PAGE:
Wednesday, May 09, 2007

Varnaline (1995)

The first time I saw Anders play, circa 1988, he was on the drum kit as part of one of the many lineups who backed up Beau's band on the Arlington High School party circuit. Or, maybe it was at Senior Follies in a band that included him and Sean Thompson, with neither of them as lead vocalist. That band also included Anders' younger brother, and eventual Varnaline member, John on bass, but the singing duties were left to none other than Mark Lublin.

It wasn't until years later, and the previously mentioned mixed tape that Anders sent Scott, which included "Return of the Grevious Angel", that I was introduced to Anders' songwriting talents. On that tape, one side consisted of songs by other artists, but the other side was devoted to a mix of Anders' originals, with various other collaborators making appearances on a few tracks.

Scott and I were both in agreement, and probably still are to this day, that "Slow Breathing" was one of the best songs we had ever heard. I'm not sure exactly why, but we likened it to Neil Young's "Look Out For My Love", which became one of Scott's favorite Neil songs after I mistakenly put it on a mix I made for him. [I meant to include "Comes a Time", but decided to go with it even after recognizing the error.] There were several other quality Anders tunes on that tape, but "Slow Breathing" was the only one that would turn up on a later recording, Varnaline predecessor The Ballad of...Lowboy, though Scott and I were not as enamored with this version.

Varnaline's debut, Man of Sin, was first released by the now defunct Zero Hour Records (who still owe Scott money for his brief gig as Varnaline roadie) in 1995. AllMusic calls 1996 the release date, but what do they know? They also refer to Varnaline as the alter superego of Anders Parker...whatever the hell that means. Jud, who would become Varnaline's drummer after the debut, was instrumental in helping Anders get signed to the label that his band, Space Needle, was presently recording for. Unfortunately, Jud's efforts to get The Doids a deal fell short.

"Thorns & Such" was clearly this album's "Slow Breathing", although I would express my affinity for "Want You" by including it on an ill-fated mix that I would make for a woman who will remain nameless. Later, I would consider sending her a mix of just two songs...Uncle Tupelo's "Cold Shoulder" and England Dan & John Ford Coley's "I'd Really Love to See You Tonight", although the Flying Burrito Brothers' "Christine's Tune (Devil in Disguise)" would've been more fitting. File that one under mixes never sent.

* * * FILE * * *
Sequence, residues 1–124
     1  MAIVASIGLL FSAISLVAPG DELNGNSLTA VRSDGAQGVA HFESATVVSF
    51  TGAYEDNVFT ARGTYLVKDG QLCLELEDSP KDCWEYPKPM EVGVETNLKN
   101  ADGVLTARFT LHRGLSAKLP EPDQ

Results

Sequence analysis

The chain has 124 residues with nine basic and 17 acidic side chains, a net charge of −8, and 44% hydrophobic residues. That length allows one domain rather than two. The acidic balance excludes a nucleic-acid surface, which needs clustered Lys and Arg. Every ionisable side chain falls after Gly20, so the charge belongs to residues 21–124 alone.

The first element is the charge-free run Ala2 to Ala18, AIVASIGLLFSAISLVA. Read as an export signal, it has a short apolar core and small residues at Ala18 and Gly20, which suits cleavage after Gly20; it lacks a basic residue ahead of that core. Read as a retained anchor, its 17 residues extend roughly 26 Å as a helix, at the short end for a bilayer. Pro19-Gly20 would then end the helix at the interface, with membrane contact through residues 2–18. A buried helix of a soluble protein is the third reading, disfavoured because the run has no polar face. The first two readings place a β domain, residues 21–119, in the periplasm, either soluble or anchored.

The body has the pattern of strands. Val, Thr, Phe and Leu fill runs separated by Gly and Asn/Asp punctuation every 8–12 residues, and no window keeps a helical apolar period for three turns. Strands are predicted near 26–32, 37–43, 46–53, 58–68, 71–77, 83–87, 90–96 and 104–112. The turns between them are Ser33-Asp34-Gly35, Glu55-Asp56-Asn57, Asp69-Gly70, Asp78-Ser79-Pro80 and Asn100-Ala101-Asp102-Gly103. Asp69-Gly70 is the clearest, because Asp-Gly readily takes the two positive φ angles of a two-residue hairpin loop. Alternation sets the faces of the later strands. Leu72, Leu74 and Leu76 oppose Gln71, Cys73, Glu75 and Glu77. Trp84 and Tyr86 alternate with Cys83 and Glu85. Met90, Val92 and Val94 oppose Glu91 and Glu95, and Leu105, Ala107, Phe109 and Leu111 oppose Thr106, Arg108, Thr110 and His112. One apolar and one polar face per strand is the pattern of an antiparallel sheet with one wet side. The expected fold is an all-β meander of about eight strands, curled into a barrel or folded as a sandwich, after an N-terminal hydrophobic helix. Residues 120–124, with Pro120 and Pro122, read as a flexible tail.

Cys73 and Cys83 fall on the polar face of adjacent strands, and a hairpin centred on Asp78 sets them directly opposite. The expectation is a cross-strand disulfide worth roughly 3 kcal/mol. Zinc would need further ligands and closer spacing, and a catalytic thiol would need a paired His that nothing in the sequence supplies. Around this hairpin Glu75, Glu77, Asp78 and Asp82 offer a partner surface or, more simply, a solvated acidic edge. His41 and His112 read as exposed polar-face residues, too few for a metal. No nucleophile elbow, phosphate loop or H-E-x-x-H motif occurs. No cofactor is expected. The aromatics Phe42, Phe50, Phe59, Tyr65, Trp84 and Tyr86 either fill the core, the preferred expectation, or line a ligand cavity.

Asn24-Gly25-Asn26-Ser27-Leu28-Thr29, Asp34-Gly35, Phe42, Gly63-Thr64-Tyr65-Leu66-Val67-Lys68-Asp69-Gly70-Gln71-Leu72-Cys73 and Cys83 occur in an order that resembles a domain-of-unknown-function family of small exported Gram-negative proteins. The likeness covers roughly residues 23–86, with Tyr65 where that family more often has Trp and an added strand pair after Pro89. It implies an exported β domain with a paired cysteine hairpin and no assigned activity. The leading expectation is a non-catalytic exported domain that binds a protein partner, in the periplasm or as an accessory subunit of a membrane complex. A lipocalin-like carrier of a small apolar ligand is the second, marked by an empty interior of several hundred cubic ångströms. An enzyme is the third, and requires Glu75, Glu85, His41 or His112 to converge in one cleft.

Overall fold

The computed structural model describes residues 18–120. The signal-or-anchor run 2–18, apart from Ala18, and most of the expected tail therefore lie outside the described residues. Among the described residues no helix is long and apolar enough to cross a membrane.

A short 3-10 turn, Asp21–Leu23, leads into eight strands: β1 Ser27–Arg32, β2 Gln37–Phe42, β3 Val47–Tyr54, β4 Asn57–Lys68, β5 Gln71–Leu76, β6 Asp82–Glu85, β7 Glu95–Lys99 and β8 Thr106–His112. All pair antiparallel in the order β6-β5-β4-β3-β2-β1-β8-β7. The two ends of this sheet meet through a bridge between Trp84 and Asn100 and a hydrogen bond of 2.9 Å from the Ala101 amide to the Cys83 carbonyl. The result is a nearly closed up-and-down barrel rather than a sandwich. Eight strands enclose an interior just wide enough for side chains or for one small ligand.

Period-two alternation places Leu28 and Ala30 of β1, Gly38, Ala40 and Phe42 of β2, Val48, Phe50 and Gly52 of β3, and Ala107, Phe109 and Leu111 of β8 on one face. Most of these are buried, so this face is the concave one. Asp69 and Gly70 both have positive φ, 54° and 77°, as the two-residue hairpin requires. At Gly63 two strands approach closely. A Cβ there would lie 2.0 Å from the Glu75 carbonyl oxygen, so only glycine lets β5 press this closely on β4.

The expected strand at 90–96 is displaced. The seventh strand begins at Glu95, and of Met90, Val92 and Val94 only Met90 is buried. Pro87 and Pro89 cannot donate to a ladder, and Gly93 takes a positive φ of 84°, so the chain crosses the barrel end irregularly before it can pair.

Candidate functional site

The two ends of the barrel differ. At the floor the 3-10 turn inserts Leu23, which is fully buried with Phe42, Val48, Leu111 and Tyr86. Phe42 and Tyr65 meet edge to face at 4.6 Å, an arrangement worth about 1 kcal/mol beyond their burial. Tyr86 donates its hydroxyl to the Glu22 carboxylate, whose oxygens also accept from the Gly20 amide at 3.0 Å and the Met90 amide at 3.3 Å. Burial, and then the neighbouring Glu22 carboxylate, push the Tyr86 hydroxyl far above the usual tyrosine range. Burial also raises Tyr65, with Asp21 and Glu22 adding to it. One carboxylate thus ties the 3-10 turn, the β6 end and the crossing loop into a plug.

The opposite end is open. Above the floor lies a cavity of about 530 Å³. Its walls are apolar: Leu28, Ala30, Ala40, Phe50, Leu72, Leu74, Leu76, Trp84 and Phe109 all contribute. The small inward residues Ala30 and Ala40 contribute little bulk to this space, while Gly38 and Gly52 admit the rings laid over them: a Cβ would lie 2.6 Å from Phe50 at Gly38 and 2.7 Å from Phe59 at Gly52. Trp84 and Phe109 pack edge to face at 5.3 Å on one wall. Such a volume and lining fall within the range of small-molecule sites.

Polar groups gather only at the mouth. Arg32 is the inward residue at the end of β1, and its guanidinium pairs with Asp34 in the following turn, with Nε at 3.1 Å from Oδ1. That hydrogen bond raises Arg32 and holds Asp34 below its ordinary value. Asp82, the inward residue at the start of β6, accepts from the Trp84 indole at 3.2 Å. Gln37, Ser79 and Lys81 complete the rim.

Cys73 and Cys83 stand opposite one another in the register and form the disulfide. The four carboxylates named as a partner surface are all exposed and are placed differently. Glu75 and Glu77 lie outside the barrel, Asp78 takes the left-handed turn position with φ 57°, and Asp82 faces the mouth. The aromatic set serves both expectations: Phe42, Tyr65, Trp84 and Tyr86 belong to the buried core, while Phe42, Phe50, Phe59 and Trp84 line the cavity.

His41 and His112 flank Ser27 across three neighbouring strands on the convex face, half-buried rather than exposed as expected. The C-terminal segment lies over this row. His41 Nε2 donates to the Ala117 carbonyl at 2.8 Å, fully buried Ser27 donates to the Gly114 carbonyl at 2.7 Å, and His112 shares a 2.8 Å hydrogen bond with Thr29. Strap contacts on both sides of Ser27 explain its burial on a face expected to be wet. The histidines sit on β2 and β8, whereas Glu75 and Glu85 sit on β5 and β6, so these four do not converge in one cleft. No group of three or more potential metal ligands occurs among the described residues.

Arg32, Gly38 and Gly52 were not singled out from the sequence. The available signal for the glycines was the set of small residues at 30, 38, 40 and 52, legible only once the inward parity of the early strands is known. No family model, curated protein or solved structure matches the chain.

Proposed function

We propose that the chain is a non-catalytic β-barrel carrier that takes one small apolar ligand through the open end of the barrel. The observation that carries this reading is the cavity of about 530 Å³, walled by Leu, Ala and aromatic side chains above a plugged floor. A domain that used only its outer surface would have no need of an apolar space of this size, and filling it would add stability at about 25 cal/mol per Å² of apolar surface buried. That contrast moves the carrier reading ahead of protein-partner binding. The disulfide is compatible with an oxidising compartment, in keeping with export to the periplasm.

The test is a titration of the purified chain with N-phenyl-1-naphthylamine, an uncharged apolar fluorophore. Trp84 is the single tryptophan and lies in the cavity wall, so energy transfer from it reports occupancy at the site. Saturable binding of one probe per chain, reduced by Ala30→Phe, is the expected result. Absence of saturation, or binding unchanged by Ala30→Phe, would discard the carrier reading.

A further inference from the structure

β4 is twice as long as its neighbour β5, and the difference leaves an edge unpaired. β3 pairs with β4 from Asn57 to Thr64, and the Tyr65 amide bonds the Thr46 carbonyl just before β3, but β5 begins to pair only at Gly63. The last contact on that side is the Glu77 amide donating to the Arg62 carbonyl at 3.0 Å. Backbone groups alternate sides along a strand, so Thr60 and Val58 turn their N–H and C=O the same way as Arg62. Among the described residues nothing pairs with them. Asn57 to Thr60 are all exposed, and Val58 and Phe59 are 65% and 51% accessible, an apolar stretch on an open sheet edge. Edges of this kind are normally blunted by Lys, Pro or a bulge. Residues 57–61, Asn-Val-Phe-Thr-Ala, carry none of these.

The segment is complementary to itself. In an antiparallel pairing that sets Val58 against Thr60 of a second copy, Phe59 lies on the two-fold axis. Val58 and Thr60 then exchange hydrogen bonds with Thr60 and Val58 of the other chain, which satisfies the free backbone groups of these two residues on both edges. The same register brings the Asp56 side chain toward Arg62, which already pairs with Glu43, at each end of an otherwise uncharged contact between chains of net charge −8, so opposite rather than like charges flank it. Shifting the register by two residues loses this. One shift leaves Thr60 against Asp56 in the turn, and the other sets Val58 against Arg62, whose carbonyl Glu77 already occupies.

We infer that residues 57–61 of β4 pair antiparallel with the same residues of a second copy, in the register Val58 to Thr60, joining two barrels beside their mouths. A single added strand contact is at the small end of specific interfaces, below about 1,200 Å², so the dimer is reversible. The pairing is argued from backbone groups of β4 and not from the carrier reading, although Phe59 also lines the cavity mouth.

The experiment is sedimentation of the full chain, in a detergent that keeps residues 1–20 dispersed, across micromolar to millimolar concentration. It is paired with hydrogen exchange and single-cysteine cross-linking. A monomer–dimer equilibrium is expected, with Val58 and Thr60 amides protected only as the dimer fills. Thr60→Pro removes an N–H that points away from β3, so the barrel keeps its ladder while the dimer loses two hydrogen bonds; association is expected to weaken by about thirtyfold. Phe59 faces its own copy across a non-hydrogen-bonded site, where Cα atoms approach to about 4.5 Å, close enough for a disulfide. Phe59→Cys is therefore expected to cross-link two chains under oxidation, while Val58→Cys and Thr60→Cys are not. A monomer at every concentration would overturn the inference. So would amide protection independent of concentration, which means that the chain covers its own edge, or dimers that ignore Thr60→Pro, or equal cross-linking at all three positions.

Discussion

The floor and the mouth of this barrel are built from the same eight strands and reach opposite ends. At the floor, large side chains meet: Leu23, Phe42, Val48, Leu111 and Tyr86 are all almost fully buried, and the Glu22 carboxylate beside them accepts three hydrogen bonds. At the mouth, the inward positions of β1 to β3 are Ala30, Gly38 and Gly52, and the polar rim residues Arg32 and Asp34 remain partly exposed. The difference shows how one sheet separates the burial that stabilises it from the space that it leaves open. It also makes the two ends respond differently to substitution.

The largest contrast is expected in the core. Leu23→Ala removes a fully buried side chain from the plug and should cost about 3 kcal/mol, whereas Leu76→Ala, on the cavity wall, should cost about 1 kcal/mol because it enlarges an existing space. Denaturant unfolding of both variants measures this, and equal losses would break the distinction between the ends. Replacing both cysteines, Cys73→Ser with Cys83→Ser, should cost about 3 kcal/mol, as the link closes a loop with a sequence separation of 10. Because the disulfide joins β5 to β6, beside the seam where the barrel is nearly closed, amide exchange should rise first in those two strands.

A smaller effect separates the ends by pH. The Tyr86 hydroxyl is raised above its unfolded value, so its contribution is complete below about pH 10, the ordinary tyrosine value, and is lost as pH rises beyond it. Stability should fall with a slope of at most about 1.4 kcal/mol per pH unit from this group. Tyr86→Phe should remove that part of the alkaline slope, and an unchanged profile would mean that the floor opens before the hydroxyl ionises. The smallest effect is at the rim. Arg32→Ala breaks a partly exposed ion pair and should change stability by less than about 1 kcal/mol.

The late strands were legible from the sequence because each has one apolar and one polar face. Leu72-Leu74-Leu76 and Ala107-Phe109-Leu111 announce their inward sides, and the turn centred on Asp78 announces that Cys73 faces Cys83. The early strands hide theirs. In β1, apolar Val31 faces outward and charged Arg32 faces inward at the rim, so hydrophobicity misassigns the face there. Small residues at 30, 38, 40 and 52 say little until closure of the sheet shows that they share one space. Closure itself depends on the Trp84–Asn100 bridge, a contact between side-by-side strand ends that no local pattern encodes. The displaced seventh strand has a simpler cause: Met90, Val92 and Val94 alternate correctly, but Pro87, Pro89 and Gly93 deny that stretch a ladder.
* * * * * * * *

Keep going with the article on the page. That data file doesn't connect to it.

Of course, Len, Scott and I would see Varnaline live numerous times, but I have to say that, when the trio was in full force (Anders, John, Jud), these were among the most enjoyable shows I've seen. Obviously, the music was a big part of this, including a stirring rendition of "Cortez the Killer" at the Met Cafe in Providence in 1997, but the hanging out before and after shows was as well. It was during this time that Jud and I would discover our common fanaticism for baseball in general, and the Yankees in particular, and forge a friendship that has witnessed two near-perfect games together. Come to think of it, it must be Jud's fault that neither of these came to first flirtation with a no-hitter was a successful one, Dave Righetti's July 4, 1983 gem, attended with Rob and his dad. I also recorded the final putout of Mike Ferrari's no-hitter for Edison Motor Inn in 1982, so it can't be me who's the jinx.

The Varnaline era is now over. Anders has continued as a solo artist, John is hiding out somewhere in the lower Catskills, and, unbeknownst to Magnet Magazine, Jud is a high school math teacher in Brooklyn. I'm sure there will be reunions though, and hopefully not just at dive bars outside of Poughkeepsie where Scott Tyner and Tony Fusari can be seen doing their Jim Morrison impersonations. I'll be patient though.

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